I arrived in Anchorage at about 11 PM on Wednesday night. It was cold, but not unbearably - a few degrees below 0 (C), maybe. I spent Thursday working at my friend Laura's house and at a local cafe, and afterwards we went for a walk along the frozen mud flats, where I got a pretty good view of the city nestled in the mountains.
Friday I also spent working - checked out another local cafe (surprisingly good pourover), but I was very ready to be outside. After work we packed up and headed southeast towards Girdwood.
Laura very graciously allowed for many photo stops so I could gawk at mountains. I've seen mountains before, but this was just a different magnitude than what I'm used to.
We got to Girdwood and headed to Alyeska Resort, Alaska's biggest downhill ski resort. It's a super pretty area and was surprisingly quiet, compared to the ski hills I'm used to.
We took the tram up to the top of the hill and had drinks at a bar that has probably the greatest views of any bar I've been to.
We took the tram back down after sunset - around 8:30 - and had some great sushi at the Alyeska hotel.
Saturday morning we got up early and headed out to Portage Glacier, a short drive away. We loaded up our gear and Nordic skied across Portage Lake to the glacier on the other side.
The glacier itself is hiding behind the far end of the lake, and when it first came into view, I was stunned. The scale, the colour, and knowing the age and history of the ice make it a pretty special experience. It's also shocking to look at photos of these glaciers 10 or 20 years ago and see in front of you how far they've receded.
It was also incredibly sunny and warm, and the skiing was fast. After our ski, and a beer & snack in the sun, we drove out to Seward, about 2 hours away. The scenery on the drive was great. Kind of like driving through the Rockies but just felt like an order of magnitude bigger. We went for dinner at The Cookery in Seward, a new, modern restaurant in Seward that would be right at home in Vancouver or Seattle. A few of Laura’s friends arrived around then and we spent the rest of the evening on the beach with dogs (still can't believe how late the sun set) and hanging out at our cabin.
Sunday morning we got up and had a lazy breakfast and made our way out to Mt. Marathon, which, in the summer, hosts an extreme trail race. We took an easier trail and got nearly to the peak in a couple of hours, but hit quite a lot of snow near the top.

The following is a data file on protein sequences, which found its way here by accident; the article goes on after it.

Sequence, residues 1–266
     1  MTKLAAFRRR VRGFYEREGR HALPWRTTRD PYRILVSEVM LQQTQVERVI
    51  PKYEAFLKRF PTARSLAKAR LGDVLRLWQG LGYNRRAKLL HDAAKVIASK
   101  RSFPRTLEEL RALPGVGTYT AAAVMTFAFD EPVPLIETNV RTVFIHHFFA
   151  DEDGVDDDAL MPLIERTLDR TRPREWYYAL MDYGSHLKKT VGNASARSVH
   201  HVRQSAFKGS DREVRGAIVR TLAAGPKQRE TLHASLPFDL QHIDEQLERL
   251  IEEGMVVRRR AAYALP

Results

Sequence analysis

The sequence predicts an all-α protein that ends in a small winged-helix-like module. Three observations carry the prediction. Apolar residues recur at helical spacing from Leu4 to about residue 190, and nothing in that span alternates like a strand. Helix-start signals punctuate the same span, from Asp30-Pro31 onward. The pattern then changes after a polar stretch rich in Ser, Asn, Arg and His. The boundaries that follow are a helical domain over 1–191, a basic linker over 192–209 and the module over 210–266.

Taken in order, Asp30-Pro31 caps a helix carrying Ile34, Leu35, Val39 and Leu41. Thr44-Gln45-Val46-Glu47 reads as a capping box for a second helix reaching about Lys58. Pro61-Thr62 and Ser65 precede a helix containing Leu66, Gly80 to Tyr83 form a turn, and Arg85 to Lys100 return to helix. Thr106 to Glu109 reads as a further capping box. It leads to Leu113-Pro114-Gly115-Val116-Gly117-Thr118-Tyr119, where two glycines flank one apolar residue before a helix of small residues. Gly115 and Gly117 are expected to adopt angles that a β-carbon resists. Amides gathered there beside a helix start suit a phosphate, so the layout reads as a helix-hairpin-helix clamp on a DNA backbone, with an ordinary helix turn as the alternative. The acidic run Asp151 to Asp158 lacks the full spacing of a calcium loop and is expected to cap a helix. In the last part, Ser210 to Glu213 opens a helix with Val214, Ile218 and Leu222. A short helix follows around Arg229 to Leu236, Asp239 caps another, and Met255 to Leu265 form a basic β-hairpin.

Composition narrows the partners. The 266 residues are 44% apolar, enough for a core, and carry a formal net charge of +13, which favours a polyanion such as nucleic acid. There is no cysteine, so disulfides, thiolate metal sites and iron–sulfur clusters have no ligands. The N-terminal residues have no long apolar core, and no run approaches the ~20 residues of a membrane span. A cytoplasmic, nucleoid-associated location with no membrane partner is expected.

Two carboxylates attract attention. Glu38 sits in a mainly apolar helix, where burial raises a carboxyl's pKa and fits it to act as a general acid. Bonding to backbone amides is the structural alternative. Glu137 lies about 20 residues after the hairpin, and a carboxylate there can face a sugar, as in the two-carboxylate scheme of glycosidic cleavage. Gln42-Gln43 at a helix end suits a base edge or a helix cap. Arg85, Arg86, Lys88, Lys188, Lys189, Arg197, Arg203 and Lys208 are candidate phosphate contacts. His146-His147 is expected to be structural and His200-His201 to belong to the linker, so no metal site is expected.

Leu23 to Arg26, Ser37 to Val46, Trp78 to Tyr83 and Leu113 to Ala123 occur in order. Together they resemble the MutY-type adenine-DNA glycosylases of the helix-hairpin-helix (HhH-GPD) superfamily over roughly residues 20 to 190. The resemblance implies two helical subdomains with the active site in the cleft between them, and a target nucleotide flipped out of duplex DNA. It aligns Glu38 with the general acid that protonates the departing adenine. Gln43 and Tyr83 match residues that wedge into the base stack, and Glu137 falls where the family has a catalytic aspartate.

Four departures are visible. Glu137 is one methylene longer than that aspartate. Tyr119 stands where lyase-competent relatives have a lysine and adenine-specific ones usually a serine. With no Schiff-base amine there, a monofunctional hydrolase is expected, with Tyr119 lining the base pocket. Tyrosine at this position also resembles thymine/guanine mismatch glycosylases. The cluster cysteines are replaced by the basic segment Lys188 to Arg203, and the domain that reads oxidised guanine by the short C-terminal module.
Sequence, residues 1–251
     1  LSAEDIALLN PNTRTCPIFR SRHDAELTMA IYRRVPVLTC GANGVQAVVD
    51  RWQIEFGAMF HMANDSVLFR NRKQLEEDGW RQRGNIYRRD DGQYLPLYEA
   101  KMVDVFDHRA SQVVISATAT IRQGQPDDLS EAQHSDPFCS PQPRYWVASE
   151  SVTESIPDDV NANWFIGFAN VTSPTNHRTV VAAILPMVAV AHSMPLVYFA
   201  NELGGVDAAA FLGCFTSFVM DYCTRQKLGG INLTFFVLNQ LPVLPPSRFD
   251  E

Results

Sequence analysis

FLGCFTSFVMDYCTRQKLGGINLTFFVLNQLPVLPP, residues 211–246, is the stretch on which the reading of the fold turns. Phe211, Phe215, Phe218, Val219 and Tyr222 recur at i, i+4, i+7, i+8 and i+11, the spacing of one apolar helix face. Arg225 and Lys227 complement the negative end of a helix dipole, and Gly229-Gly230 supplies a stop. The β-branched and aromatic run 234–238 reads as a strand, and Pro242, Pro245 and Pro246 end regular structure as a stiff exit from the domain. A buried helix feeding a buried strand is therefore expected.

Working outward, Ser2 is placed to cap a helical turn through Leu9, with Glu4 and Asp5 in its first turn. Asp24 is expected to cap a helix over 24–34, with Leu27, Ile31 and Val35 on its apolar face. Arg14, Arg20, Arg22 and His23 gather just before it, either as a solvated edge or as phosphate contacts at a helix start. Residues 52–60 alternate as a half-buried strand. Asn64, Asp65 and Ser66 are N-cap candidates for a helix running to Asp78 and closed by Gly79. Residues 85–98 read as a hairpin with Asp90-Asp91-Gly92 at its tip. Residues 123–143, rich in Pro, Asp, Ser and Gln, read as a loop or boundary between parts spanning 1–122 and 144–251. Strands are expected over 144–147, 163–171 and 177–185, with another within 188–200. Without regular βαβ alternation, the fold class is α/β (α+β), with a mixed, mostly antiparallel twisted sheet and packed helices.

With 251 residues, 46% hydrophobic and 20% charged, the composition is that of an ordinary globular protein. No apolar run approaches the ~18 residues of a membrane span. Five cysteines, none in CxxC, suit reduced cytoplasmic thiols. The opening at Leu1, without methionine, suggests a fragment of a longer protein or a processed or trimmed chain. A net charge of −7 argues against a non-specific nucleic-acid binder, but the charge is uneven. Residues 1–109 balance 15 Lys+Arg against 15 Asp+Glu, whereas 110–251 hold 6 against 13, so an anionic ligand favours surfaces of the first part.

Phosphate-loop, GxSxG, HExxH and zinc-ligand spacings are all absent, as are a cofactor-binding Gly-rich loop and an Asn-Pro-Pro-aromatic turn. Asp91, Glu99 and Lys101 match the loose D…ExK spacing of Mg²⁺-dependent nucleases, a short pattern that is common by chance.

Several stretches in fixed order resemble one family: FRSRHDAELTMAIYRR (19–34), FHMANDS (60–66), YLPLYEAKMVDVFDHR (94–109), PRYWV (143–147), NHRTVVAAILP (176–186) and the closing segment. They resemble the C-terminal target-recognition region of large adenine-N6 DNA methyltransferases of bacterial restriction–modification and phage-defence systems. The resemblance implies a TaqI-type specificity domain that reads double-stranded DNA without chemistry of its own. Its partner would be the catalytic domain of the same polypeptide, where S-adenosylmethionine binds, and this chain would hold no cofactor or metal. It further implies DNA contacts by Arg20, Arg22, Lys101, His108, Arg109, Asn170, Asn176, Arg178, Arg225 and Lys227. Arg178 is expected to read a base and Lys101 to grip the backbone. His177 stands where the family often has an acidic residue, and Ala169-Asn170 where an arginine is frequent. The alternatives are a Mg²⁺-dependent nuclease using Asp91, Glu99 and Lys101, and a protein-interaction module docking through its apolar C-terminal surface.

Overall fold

The wind at the top was extreme, but the views were pretty incredible. Being nestled in amongst jagged peaks, looking out at mountain ranges as far as you can see extending over the ocean.
We made our way down and headed back to Anchorage, stopping in Girdwood for beers at Girdwood Brewing. Laura headed to the airport Sunday night, and I left the next morning for Juneau.
I arrived in Juneau shortly after lunch on Monday and spent the afternoon exploring the town. It's much smaller than Anchorage - about 30k people and accessible only via plane or boat, so it really feels like a quiet, sleepy coastal town (at least in the off season before the cruise ships arrive). Monday evening I had a cocktail & excellent pizza in town and spent the evening mostly planning the rest of my stay in Juneau.
Tuesday morning I woke up early, breakfasted in my hotel and grabbed a Lyft to Mendenhall Glacier; in retrospect I should have just rented a car for this trip, as cabs/Lyfts were expensive.
I decided to hike the East Glacier trail, about a 4 mile loop, which was mostly successful - I was however pretty poorly equipped footwear-wise (leather boots with medium traction) as there was a LOT of ice on the trail. I was mostly able to hike around through crusty snow or through dry spots, but there were a couple of spots on the way down that I decided to slide down rather than slip and fall - I grabbed some spikes in town as soon as I got back. The trail itself was scenic, but the "viewpoints" for viewing the glacier were clearly laid out when the glacier was a lot larger than it is now.
When I returned from the trail, I hiked out along the frozen lake to a waterfall and some closer views of the glacier.
After spending some time in the sun at the glacier, I took a cab back to town and enjoyed a post-hike beer and hot tub at my hotel. I spent the afternoon in town at Amalga Distilling (brought back a great bottle of their "Juneauper" gin) and planned my last excursion.
Wednesday I got up and headed out on foot towards Perserverence Trail, one of several trails in behind Juneau that are accessible without driving.
It was a great trail, mostly flat and not extremely icy (though I was prepared with spikes this time). It follows the path of the first "highway" in Alaska, built for gold mining.
There were several spur trails for checking out mining remnants, but the snow was heavy and I tried to stick to the higher-traffic trail (though I only saw 3 people on my whole hike).
The whole hike was about 14 km out and back from downtown and took me 4 hours total. I was pretty sore from the prior day's hike, so I was happy to get back to town. I had a great ramen from a local cafe and went to the official Alaska Museum, which was modern and excellent - a lot of great Alaska Native exhibits and history about Alaska that I really did not know at all.
My last discovery in Juneau was "The Narrows", a cocktail bar in town that felt like a transplant from Seattle or Portland. I spent the evening chatting with the bartender and trying different local beers and American whiskeys.
Thursday I got up at 3:30 and headed home. Overall it was a pretty incredible trip - I really felt like I was exploring somewhere new and unknown. Also happy to finally be the first Harris to travel somewhere new. I will be back soon.